Louise Mensch MP unveils Twitter-like website Menshn
Louise Mensch, the Conservative backbencher who has gained a high profile thanks in part to her prolific tweeting, has created a rival to Twitter that aims to cut out the irrelevant chatter that she says blights the microblogging site.
By Christopher Williams, Technology Correspondent
5:13PM BST 19 Jun 2012
Working with Luke Bozier, a former aide to Tony Blair who defected to the Tories in January, Mrs Mensch today unveiled Menshn (pronounced “mention”), a social media service for “talking on topic”.
The service is initially only available in the United States and aiming attract online discussion about the upcoming presidential election. It is scheduled to open to British members in time for the Olympics.
Menshn owes much to Twitter in its design and concept, with members invited to post short messages and links. The main difference is that it restricts discussions to pre-approved topics, with the aim of avoiding the spam messages that popular hashtags attract on Twitter.
Menshn will allow members 180 characters in which to condense their thoughts, as opposed to Twitter’s 140. New members also instantly gain 100 subscribers – the equivalent of Twitter’s followers – at random to allow them to join in straight away.
Discussion is initially restricted to just three topics: the Obama campaign, the Romney campaign and the election generally. More will be added in response to nominations from members.
“It came out of both a love of and frustration with Twitter,” said Mr Bozier, who has and 50 per cent share in the new company, matching Mrs Mensch’s. The pair have funded the venture themselves.
“Twitter is just very a very random stream of chatter if you want to stick top a particular topic like politics or business,” Mr Bozier said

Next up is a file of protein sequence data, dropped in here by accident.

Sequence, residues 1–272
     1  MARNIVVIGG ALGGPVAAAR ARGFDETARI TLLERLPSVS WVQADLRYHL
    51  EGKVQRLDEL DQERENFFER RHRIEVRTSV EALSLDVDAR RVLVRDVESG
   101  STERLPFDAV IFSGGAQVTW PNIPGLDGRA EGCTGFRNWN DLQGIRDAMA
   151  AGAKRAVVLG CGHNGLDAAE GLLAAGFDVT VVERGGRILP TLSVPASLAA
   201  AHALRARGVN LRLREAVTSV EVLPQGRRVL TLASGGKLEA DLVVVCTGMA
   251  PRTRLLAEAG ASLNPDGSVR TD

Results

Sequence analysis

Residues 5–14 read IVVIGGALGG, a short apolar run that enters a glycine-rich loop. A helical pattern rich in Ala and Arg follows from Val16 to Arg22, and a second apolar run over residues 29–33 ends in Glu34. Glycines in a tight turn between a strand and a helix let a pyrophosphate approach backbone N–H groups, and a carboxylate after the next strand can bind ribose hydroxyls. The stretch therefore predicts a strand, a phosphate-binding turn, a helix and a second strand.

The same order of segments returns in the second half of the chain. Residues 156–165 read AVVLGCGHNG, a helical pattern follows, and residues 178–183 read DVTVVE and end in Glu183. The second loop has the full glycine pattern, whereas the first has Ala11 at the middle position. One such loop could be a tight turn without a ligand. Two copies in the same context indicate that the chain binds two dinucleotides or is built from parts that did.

As well as keeping discussions relevant, Mrs Mensch and Mr Bozier hope Menshn’s more controlled environment will also discourage abuse.
The MP for Corby, who has almost 60,000 Twitter followers, has been targeted by explicit and violent “misogynistic” messages on after television appearances. She recently called on social networks to identify the perpetrators of such abuse, after Frank Zimmerman, a 60-year-old Gloucester, was convicted and received a suspended sentence for a campaign of online harassment and threats against her family.
Mr Bozier said menshn would still allow anonymous membership, however, although people will be encouraged to log in with their Facebook account, which is supposed to use their real name.
Early reaction to Menshn from Twitter members was mixed. Some accused Mrs Mensch of egotism and seeking to control debate. Critics also said Menshn merely copied the functionality of chatrooms and the presentation of Twitter.
Mrs Mensch previously attracted scorn on Twitter when she suggested it should be shut down during the riots last summer.
Supporters claimed the “spiteful” reaction to Menshn on Twitter demonstrated the need for it.